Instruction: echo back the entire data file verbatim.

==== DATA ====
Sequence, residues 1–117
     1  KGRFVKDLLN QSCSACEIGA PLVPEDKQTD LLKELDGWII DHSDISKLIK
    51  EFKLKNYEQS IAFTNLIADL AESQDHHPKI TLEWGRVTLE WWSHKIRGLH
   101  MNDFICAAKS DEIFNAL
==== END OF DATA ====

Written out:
Sequence, residues 1–117
     1  KGRFVKDLLN QSCSACEIGA PLVPEDKQTD LLKELDGWII DHSDISKLIK
    51  EFKLKNYEQS IAFTNLIADL AESQDHHPKI TLEWGRVTLE WWSHKIRGLH
   101  MNDFICAAKS DEIFNAL